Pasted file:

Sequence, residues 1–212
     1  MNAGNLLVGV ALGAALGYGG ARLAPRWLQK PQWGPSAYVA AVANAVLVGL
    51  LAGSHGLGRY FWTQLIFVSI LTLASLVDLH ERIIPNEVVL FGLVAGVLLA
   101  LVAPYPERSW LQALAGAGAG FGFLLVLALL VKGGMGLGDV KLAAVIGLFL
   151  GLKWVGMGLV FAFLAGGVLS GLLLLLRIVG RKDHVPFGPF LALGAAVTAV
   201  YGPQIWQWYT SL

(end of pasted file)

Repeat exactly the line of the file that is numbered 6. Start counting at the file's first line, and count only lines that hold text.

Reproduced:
   201  YGPQIWQWYT SL